At first use, the Emperor found not only did the pain abate, but that he was granted a small boon for a day. Unfortunately, there was also an ill effect. Worse still, using the head 3 days in a row brought on additional ill effect so that the cure was little better than the sickness. Frustrated, the Emperor threw the head into the sea and retired to his palace to live in quiet and complete darkness.
Hammering the nail into a particular spot will clear any charms, geasa, glamours, or insanity. It will also provide a Type I and Type III effect. The benevolent effect granted will always be the same if the nail is driven into the same spot, but the malevolent effect will be random.
I ____ once a day (x ~ 30 associated with particular spots on the head) III ____ with each use IV ____ after three consecutive uses
Just some brief thoughts. If you're unfamiliar with the artifact and relics power/effects tables from first edition AD&D, Mr. Jeff Reints explains them here.
If you're like me, those tables have fascinated you for decades. To look at Baba Yaga's hut and know it was an artifact of mythic power but not know what powers it had, was tantalizing. It makes me long to either find the Hut as a player, or run a campaign as a DM that the has the Hut.
In a way, that evocative uncertainty is what makes D&D work. We know of dragons, and wizards, and the City of Brass. But we don't really know about those things. Nothing definite; I don't know the street plan of the City of Brass, though I feel it's more real for me than a city like Baltimore, or Ottawa, places I've also never been but that evoke nothing for me personally. Likewise, we've all read about powerful mages, but the stories all differ. And so each DM can have their own vision of such wondrous things as wizards, and dragons, and Baba Yaga's Hut.
This is especially fascinating in that it's counter to the whole Gygaxian tendency to codify everything in 1e. It really is a quirk of a wargamey desire to not have players knowing all the game secrets that ended up giving DMs some creative breathing room.
I'll go farther and say those tables are the best thing in the 1e DM's guide and their real benefit was unintended.*
And it's interesting how we can have this cross-blog conversation about artifacts using this simple system of roman numerals and understand each other. I think that other loose but simple standards might help us DIYers communicate back and forth, maybe poison types, or treasure types, anything that would benefit from a kind of communal short hand.
Artifact power tables are a perfect example of just the amount of detail in a game product; enough backstory to get me interested but not so much I can't make it my own.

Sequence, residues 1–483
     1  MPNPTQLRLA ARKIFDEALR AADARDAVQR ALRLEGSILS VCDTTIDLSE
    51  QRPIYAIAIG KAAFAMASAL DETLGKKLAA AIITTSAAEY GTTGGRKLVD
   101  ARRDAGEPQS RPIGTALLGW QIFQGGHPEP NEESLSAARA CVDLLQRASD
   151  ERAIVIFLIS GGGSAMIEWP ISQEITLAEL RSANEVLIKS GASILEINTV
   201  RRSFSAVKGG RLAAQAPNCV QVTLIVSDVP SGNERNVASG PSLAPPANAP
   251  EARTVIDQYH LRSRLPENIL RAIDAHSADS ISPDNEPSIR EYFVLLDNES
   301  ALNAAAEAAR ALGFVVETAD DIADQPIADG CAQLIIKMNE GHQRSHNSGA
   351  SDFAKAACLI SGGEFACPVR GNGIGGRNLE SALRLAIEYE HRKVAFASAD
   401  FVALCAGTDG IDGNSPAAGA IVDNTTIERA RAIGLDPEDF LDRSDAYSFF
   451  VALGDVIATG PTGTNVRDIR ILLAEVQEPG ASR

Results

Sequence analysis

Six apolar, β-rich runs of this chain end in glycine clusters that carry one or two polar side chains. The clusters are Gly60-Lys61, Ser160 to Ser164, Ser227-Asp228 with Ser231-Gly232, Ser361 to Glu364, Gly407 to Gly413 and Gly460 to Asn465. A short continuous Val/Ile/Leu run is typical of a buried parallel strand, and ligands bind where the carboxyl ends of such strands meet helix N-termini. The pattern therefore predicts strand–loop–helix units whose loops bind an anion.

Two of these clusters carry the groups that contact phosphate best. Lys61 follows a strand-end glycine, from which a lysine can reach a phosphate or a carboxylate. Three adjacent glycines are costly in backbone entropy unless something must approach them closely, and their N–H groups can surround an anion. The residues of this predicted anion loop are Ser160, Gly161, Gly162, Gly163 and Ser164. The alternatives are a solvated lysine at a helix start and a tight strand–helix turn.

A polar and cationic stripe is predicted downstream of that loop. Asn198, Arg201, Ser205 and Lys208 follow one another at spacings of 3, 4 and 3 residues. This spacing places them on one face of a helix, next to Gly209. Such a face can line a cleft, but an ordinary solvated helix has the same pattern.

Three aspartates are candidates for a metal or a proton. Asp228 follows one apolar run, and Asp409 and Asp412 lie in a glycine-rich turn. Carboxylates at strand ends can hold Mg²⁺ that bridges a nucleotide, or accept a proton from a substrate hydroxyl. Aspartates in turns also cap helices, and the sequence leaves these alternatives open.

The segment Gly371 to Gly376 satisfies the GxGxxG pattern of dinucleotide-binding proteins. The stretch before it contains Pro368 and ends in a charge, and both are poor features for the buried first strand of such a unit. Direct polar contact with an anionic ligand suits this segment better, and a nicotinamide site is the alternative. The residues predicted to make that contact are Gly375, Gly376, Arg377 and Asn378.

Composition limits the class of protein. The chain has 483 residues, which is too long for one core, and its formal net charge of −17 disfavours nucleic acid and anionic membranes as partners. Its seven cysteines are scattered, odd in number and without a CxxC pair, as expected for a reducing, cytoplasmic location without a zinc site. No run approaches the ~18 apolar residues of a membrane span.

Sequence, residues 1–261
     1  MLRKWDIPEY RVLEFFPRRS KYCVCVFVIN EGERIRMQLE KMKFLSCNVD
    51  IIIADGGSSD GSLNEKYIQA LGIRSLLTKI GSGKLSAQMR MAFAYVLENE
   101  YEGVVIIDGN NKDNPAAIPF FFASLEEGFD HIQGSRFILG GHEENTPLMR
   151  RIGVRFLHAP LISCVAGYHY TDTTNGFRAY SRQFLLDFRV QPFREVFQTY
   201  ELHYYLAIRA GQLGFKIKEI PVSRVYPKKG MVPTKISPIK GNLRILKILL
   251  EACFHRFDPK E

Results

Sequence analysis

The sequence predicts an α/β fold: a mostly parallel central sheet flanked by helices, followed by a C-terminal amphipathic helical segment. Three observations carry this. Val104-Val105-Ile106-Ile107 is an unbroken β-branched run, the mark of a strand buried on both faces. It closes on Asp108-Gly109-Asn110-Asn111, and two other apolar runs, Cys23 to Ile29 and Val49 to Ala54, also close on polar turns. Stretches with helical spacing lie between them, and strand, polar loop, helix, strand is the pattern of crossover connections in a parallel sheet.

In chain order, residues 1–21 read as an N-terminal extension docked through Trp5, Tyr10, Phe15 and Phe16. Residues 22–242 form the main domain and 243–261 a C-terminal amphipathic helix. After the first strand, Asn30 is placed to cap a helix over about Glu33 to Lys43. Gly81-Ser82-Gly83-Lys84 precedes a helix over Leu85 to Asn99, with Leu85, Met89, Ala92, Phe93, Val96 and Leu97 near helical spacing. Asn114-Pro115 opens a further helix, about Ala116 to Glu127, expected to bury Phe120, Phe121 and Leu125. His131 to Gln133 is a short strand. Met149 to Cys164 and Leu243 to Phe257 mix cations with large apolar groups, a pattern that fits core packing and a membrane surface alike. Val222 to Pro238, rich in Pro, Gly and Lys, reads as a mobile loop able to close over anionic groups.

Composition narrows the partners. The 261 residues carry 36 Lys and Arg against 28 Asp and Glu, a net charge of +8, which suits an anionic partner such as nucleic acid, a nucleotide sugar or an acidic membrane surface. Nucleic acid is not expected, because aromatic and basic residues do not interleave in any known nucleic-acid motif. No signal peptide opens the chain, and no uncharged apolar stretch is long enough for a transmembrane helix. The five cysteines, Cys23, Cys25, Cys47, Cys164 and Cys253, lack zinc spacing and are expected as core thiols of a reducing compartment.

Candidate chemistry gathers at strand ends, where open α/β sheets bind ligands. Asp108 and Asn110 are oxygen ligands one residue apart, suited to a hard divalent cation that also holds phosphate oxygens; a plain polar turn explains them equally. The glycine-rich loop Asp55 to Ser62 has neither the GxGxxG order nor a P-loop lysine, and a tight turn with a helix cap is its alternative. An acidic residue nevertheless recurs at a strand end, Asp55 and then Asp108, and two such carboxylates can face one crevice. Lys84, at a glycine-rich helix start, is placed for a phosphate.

The system used for categorizing their magical effects is a simple and useful tool for facilitating communication between all of us.
Now that I think of it, I guess that's what I was going for with my unfinished Mix-n-Match charts; a sort of community effects table. Just imagine if a module even used such a system for traps, rather than spelling them out. Saying something like "Triggering will result in two Type I effects." And the DM could customize to their liking.
(*I don't mean to be provocative, but this is why I don't get all starry-eyed thinking about Gygax. Yes he helped create something really new under the sun. But I don't think he really understood it, because he almost immediately started down a path to make D&D more centralized, codified, and focused on tournament play. All features in no way new under the sun. If he had only focused on empowering DMs the way he had in B1, B2 and these tables, rather than constraining them, imagine what we might have had by now.)
Scholars have long speculated on the fabled city of Commissum. Its location and the nature of its inhabitants lost to time, some doubt its very existence. But some few, rare manuscripts speak of it with certitude, its strange inhabitants always somehow fantastic-- invisible, ant-like, or tiny-winged fey folk--its promise always of great personal power to those who find it.
Commissum is, in actuality, a great helm with an intricately-shaped city in steel mounted on its crown. Those who don the heavy helm will be granted a great power but there is a price. If the city tips past its horizontal plane the wearer will suffer ill effects. And even if a wearer manages to keep Commissum steady, there is a price to pay for its power.